Regular Expression to Validate a Comma-Separated List of Email Addresses

Recently, I needed to create a regular expression to validate the format of a comma-separated list of email addresses. Just thought I’d share the result in case it is of use to anyone. The pattern I came up with for matching a single address is as follows:


Note that I didn’t attempt to handle every possible combination of valid characters – only what I’d consider the most common ones.

The pattern is simply duplicated for the comma-separated list. Here’s an example of applying the pattern in Java:

Pattern addressListPattern = Pattern.compile(String.format("%1$s(,\\s*%1$s)*",

System.out.println(addressListPattern.matcher("xyz").matches()); // false
System.out.println(addressListPattern.matcher("").matches()); // true
System.out.println(addressListPattern.matcher(", xyz").matches()); // false
System.out.println(addressListPattern.matcher(",").matches()); // true
System.out.println(addressListPattern.matcher("fø,").matches()); // true

Note that Pattern.UNICODE_CHARACTER_CLASS is not necessary (or supported) in Android, which supports Unicode character matching by default.

Hope it helps!

Using MarkupKit with Charts

For a while now, I’ve been meaning to see if the popular open-source Charts library would work with MarkupKit. I finally got around to trying it this morning.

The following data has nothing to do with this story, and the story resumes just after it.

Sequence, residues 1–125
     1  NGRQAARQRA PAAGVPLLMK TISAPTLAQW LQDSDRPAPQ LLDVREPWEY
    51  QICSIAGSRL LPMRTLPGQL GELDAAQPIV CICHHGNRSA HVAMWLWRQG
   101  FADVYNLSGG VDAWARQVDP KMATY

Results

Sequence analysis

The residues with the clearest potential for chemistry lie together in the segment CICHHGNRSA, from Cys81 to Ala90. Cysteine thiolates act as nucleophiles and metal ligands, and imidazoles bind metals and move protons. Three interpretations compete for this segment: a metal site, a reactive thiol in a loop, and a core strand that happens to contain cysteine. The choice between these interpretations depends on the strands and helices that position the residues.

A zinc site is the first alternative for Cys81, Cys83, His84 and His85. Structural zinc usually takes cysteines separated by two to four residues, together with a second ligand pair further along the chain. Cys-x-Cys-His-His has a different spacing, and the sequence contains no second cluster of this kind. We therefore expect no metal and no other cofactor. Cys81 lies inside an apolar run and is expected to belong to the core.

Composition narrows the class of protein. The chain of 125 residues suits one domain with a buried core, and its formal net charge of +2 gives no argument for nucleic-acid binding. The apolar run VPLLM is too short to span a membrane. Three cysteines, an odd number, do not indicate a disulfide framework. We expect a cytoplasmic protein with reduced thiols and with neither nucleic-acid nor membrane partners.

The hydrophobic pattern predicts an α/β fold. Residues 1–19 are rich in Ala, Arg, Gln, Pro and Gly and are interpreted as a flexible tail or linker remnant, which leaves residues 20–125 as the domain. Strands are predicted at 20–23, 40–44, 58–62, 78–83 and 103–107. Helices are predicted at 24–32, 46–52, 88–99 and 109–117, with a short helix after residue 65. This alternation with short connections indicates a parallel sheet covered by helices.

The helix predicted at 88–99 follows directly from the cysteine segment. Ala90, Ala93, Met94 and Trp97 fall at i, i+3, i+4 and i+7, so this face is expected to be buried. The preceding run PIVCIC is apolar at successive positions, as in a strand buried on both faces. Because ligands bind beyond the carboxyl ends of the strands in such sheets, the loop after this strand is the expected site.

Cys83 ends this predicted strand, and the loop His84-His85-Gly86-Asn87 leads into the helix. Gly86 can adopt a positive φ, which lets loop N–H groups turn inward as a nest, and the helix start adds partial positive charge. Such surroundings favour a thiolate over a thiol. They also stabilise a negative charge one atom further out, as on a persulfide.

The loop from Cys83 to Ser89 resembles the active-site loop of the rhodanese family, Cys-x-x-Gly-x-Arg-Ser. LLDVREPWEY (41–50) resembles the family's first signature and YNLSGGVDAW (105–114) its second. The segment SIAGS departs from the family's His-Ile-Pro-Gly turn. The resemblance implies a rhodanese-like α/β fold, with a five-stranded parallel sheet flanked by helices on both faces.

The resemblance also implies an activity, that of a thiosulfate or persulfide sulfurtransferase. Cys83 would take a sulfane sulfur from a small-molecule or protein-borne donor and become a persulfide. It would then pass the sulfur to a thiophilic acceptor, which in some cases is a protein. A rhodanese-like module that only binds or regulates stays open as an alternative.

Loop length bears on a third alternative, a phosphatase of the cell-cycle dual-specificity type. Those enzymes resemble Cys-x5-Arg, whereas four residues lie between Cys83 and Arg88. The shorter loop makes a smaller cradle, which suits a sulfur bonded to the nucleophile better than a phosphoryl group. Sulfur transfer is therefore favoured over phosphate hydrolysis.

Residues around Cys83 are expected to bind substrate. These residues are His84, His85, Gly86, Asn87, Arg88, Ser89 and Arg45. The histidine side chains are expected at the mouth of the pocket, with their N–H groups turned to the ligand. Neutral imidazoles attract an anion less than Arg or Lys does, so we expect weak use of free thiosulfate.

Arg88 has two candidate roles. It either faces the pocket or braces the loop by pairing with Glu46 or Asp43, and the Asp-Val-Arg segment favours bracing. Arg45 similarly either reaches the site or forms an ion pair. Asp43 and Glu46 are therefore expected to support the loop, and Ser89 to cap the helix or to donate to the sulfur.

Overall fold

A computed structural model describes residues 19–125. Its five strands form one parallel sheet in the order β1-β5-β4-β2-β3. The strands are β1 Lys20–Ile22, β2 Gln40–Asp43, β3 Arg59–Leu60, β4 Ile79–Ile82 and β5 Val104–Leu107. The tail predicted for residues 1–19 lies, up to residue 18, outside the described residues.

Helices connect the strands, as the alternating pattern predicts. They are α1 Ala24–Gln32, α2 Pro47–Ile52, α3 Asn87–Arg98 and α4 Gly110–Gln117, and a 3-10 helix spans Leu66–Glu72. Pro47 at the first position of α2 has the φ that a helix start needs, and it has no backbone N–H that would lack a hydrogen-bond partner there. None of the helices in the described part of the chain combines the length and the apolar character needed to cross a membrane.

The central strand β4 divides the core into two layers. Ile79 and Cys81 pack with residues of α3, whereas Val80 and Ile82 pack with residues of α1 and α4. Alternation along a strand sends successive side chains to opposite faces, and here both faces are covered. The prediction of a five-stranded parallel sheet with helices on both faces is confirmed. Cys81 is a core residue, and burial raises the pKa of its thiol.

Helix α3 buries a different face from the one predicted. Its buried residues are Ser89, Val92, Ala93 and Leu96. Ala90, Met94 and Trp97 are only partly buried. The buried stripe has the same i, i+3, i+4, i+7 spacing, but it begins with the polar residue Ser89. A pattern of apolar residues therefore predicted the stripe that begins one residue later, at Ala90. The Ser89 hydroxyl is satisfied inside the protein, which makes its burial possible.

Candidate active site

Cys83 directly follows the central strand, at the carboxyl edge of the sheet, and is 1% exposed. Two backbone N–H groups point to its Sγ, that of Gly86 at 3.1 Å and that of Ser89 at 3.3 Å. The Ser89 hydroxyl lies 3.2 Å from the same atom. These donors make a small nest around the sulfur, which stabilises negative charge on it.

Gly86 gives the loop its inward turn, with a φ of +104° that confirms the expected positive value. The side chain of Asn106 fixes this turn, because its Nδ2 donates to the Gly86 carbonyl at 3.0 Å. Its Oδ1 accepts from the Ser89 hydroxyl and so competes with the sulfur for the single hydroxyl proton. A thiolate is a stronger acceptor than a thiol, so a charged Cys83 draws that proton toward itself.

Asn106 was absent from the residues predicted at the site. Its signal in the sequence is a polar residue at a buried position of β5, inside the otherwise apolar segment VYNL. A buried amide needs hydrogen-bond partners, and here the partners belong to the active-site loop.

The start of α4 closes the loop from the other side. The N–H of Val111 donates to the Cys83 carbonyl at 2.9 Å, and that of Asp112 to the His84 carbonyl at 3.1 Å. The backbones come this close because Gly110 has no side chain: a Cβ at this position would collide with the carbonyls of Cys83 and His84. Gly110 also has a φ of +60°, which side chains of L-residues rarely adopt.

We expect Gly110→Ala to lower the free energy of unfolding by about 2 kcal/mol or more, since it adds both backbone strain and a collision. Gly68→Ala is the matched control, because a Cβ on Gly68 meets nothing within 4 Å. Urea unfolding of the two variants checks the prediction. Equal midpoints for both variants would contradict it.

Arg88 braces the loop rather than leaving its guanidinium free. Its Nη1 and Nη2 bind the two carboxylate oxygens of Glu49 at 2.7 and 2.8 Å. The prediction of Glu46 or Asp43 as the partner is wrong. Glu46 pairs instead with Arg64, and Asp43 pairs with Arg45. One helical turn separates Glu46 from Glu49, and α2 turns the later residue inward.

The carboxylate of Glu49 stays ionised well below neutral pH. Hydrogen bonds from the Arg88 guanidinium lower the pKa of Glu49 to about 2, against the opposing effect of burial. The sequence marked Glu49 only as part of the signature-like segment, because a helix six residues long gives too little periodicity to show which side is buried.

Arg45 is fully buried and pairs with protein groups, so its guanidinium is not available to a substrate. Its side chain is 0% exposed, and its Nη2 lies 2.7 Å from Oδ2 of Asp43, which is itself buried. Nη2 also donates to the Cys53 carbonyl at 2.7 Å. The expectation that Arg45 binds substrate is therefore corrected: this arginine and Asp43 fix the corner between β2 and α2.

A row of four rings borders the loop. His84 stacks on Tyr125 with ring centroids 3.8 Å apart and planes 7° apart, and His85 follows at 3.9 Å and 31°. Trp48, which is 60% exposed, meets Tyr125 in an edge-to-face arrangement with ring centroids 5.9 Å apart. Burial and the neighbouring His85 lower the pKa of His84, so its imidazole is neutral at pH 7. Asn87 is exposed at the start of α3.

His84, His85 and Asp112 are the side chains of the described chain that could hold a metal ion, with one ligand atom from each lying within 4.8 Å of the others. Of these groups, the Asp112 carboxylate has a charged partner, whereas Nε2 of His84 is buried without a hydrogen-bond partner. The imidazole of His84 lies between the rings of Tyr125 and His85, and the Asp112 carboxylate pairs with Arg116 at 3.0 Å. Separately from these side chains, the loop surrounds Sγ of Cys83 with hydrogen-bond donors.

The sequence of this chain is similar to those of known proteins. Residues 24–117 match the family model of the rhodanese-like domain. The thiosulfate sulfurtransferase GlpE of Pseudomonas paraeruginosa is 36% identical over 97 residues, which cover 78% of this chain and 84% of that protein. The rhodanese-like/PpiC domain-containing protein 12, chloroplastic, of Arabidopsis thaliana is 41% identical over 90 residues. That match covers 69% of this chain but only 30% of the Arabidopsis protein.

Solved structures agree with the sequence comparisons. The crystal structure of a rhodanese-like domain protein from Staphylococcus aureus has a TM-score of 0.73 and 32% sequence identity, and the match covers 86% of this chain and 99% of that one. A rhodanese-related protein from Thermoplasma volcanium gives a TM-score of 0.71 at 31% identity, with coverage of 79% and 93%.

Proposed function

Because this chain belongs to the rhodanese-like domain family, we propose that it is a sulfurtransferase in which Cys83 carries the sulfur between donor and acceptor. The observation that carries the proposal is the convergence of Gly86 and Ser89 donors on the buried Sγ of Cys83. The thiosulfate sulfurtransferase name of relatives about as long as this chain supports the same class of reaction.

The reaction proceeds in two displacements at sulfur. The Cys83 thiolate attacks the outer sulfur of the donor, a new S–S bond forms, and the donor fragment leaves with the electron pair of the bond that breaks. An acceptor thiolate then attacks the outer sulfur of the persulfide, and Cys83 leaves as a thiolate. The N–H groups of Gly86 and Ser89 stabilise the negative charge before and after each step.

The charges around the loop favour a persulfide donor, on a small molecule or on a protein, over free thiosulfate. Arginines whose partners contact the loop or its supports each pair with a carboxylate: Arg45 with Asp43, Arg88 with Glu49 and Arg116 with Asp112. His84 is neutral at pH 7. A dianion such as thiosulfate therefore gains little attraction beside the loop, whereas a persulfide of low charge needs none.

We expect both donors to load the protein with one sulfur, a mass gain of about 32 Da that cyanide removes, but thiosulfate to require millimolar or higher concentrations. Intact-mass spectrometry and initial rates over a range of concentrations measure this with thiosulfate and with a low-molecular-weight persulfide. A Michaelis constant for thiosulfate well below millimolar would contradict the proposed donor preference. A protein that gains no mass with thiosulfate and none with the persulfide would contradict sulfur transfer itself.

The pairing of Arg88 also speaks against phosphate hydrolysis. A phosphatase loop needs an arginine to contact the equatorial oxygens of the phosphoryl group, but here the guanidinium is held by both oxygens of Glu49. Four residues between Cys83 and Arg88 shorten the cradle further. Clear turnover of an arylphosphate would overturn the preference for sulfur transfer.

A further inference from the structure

It actually turned out to be much easier than I expected. All of the Charts demos are built using XIB files. All I had to do was create a markup document that mimicked the contents of a XIB file, including outlets and actions, and add the code to load the view from markup instead of the XIB. I chose to try to replicate the pie chart example:

To load the view declaration, I added the following method to the demo’s PieChartViewController class. No other changes to the controller were necessary:

- (void)loadView
    [self setView:[LMViewBuilder viewWithName:@"PieChartViewController" owner:self root:nil]];

The contents of PieChartViewController.xml are shown below. Note the use of the Charts prefix in the PieChartView declaration. This is necessary because the PieChartView class is defined in the Charts module:

<?xml version="1.0" encoding="UTF-8"?>